I’m not like those people. I will respect you if you chose to protest abortions (not so much gay rights because I honestly believe you guys have GOT to get with the picture; let people love whoever they want). I will not respect you if you are just another reason why I’m ashamed to call myself Christian.

Life of a Wanderlust

I’ve recently been missing places, namely Costa Rica. I went there last summer to work with sea turtle rehabilitation and to teach English to children in Liberia. I miss it so much, and that’s why I decided to write this.

Sunsets here are glorious,
but they don’t light the world on fire
and cast shadows like forgotten memories.

The mountains here are breathtaking,
but they don’t kiss the sky
and melt with the stars.

The food here is delicious,
but my mouth doesn’t sing
and my lips don’t tremble as I eat.

The trees here are skyscrapers,
but unfortunately,
so are the skyscrapers.

The people here are polite,
but they will not approach me,
play with my hair, hold me.

The nights here are cold
and I’m forgetting the smell
of the ocean and the rain.

The days here are lonely,
and my feet are already itching
to leave.

And I wonder if a wanderlust
can ever truly be happy
where she is.

11 Signs That Mean You’re In Love

I hate posts like these. I hate them because of how stupid they are.

I found this article (http://elitedaily.com/dating/11-silly-ridiculous-signs-might-mean-youre-love/864846/) and I hate it. None of those things mean I’m in love, unless I’m in love with about 30 people.

So I propose an alternate list…

1. You never get tired of looking at them.
You have ever curve and freckle of their face memorized by heart. You know their facial expressions and what they mean. You’ve noticed everything from the way they bite their lip when they’re trying not to laugh to the way they rub their eyes lazily in the mornings.

2. They take the air from the room when they leave.
You don’t feel complete when they aren’t around. You can only breathe freely when they are beside you, otherwise you feel like you’re underwater. Everything is less vibrant.

3. You know everything about them, but you always want to know more.
You know that he loves William Blake poetry or that her favourite band is The Trews, but you want to know if they prefer spinach over cabbage, who they think would win in a fight between Superman and Batman. You want to know their reasons for smiling and for crying. You want to know the pattern of their heartbeat.

4. People have noticed a change in you.
You smile at nothingness now, and that’s something you never did before. People say you’ve changed, and you know it’s for the better. You love this change because you love who brought it on. You’re happy because you’re discovering yourself anew.

5. You fight.
If you fight, it means you care. Even violent storms have rainbows at the end, and you know you will always make up. Passion can be shown through fights and through love.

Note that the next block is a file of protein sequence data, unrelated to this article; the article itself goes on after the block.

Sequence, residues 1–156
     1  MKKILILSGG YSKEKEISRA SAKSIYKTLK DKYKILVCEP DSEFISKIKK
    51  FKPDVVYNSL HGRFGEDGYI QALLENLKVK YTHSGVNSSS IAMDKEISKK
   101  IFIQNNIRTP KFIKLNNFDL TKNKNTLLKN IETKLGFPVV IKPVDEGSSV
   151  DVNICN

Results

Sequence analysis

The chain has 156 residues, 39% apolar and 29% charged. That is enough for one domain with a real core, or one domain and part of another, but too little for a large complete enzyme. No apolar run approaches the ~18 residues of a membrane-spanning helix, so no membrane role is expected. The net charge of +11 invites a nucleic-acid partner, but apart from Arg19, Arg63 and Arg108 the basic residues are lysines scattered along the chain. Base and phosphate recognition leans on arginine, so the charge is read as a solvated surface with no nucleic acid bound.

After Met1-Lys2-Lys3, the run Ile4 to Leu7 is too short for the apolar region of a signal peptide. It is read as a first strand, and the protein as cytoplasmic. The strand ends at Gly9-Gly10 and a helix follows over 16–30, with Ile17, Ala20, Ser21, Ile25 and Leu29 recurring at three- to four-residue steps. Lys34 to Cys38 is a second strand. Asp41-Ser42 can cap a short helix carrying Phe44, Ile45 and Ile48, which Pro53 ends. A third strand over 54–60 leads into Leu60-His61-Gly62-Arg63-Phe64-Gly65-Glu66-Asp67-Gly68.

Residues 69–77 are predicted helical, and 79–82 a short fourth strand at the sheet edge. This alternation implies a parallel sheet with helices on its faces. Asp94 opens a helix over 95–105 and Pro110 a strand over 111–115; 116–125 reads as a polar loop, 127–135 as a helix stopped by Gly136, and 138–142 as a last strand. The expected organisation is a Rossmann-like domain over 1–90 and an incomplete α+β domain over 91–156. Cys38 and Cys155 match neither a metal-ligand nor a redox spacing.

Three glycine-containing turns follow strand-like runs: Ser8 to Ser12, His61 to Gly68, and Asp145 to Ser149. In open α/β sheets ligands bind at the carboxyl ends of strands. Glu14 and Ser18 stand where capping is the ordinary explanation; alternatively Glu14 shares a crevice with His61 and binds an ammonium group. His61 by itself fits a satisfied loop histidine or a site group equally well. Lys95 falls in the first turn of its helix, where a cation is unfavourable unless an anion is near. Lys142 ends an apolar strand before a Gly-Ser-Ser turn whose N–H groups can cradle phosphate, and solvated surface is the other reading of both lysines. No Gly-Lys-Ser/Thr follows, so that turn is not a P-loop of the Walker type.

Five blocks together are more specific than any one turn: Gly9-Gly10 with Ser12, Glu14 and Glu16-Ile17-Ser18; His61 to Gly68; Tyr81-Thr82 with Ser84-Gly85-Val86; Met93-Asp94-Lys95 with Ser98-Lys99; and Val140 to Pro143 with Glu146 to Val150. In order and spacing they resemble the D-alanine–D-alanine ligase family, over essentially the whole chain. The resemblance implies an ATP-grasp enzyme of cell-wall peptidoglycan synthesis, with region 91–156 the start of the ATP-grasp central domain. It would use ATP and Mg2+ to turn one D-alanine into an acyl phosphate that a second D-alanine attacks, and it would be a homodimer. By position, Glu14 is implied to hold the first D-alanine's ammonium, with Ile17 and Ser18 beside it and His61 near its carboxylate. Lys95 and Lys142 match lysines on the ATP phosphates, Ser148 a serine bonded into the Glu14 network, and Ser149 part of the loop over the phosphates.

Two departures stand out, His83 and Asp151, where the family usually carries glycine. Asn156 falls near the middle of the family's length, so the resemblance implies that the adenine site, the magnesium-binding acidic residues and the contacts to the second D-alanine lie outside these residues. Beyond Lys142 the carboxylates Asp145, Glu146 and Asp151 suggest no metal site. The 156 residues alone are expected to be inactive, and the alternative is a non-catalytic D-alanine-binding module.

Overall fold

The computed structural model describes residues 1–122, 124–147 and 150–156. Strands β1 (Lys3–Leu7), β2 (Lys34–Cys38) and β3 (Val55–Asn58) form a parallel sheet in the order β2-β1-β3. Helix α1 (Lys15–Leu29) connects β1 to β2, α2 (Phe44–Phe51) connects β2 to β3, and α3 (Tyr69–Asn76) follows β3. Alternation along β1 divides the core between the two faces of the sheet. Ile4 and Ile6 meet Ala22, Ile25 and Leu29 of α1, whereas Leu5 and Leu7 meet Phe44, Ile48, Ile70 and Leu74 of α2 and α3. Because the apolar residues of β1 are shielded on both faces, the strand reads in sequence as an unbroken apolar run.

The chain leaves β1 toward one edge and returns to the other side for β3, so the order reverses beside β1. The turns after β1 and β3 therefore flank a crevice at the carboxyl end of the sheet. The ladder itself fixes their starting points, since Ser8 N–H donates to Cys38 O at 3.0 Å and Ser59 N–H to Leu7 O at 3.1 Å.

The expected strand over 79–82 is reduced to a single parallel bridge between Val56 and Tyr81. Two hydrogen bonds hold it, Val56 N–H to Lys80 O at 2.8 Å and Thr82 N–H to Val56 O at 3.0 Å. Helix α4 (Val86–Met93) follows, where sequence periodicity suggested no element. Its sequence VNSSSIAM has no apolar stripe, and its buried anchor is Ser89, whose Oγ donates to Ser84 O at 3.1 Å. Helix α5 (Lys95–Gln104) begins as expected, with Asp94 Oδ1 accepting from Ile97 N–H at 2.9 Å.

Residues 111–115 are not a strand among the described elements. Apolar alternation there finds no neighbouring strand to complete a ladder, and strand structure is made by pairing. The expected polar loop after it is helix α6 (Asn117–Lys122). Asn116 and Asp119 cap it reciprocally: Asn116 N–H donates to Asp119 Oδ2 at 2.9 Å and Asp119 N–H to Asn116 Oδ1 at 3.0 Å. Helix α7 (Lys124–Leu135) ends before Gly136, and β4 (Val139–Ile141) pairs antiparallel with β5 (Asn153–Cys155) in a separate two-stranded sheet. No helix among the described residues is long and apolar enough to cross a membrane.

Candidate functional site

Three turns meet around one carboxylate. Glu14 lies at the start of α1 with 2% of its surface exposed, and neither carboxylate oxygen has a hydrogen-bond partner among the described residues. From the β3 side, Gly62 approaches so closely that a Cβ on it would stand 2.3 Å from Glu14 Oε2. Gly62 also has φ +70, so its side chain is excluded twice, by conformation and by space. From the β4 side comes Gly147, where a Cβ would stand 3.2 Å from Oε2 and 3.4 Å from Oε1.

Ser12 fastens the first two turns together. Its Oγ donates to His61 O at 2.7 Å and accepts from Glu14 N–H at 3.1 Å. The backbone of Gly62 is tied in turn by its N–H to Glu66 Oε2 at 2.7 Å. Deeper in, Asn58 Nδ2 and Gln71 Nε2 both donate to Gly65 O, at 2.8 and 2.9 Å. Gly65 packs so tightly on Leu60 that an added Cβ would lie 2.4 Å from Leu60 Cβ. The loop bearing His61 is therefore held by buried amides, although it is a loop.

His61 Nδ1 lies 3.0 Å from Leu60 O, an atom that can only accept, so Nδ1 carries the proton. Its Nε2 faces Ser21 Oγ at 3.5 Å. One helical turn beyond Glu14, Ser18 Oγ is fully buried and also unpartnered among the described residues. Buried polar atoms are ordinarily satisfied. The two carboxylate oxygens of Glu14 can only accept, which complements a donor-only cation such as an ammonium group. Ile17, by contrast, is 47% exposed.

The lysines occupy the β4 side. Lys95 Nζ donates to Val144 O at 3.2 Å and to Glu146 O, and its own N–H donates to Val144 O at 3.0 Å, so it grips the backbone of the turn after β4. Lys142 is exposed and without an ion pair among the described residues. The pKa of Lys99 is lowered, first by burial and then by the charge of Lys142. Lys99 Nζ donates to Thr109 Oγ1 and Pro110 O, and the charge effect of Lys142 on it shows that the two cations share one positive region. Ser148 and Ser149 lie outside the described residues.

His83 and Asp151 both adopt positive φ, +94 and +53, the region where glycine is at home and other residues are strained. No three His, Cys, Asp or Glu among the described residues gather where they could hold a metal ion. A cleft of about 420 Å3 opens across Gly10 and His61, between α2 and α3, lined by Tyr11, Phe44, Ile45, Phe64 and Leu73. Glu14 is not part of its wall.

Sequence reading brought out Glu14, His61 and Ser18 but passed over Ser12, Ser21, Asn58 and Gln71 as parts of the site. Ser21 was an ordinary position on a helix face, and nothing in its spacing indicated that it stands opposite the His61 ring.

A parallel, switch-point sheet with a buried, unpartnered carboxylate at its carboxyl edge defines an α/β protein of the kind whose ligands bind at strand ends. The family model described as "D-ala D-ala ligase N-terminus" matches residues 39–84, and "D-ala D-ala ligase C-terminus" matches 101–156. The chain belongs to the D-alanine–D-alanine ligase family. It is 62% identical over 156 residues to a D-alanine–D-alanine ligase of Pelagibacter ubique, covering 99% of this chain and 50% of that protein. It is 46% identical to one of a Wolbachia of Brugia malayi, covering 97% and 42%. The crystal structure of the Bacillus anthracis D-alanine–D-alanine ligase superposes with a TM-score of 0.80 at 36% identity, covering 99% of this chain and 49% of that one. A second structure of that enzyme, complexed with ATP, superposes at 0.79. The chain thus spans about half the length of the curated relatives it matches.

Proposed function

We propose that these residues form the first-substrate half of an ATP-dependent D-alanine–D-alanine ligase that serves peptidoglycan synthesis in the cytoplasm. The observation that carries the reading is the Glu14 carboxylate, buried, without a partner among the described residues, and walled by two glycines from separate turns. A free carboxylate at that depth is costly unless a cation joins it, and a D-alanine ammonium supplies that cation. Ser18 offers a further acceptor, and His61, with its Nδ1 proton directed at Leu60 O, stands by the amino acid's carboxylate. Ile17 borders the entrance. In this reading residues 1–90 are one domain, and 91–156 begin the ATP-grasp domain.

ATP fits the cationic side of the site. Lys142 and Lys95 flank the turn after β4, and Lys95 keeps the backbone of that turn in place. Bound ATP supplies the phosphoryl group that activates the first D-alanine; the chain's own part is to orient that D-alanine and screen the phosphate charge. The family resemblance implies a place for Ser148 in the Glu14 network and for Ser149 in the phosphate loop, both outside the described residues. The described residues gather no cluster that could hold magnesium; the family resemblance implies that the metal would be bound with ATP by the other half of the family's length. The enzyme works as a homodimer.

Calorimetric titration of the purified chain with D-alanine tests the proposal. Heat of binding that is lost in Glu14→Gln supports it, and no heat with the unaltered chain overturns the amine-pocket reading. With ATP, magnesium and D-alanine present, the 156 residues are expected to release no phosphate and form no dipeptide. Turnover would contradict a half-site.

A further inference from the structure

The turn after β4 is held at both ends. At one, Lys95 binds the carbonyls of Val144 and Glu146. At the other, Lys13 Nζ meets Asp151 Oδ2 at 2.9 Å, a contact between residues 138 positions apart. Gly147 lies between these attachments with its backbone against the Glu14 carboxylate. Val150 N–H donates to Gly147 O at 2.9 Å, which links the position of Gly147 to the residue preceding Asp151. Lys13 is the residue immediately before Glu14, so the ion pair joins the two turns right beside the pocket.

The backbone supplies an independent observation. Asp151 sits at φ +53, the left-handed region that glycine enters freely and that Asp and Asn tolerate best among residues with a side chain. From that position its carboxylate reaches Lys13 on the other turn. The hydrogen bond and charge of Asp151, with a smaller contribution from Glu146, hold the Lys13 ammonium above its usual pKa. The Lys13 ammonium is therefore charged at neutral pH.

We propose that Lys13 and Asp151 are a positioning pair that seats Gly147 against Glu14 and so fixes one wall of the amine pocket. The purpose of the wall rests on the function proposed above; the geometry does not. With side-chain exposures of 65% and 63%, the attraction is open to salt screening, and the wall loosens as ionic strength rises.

6. Sex isn’t a priority.
But it’s always a bonus.

7. Everything they do is beautiful.
The classic example being “the way she pushed back her hair” or “the way he bit his lip when he was concentrating”. But you don’t just love them when they do cute things like this, no. You love the way they look loading the dishwasher or the way they say your name. You admire all the little things they do that make you so crazy.

8. Speaking of crazy…
You’re under a daze, lost somewhere in a magical new world and you’re not sure you ever want to be found. You’re mad with love, not just the expression, but you’re drunk on the thought of your lover. You’re so happy you feel quite literally insane.

9. Songs make sense.
Cheesy Taylor Swift lyrics play in your head on repeat and you think, “Finally, I understand!” or, “This song is entirely about the way I feel!”. You hum along, lost in the melody.

10. You’re so proud of them.
It doesn’t matter if it’s the way they asked for a raise at work or if it’s the way they take out the trash, every little thing they do makes you so proud. You want to take them by the hand, march into the streets and yell, “This is mine, and I’m so, so happy!” just to let everyone know how lucky you are.

11. You’re more terrified than you have ever been in your entire life.
You’ve given them the power to hurt you more than a blade or bullet ever could. And that thought alone is enough to tear you apart, piece by piece, until there is nothing left but a heart full of fear.

Sunny Afternoons

It was a beautiful, sunny afternoon on a mild spring day. She sat looking out the window, wearing a sweater, too large and too hot for the climate, and she had it wrapped about herself, like a hug, swallowing her whole. She was smiling, but fat tears were in her eyes.

He saw her from the doorway and was about to walk past when the light caught on one of her tears and he paused. Uncertain, he entered the room wearing a mask of concern and worry.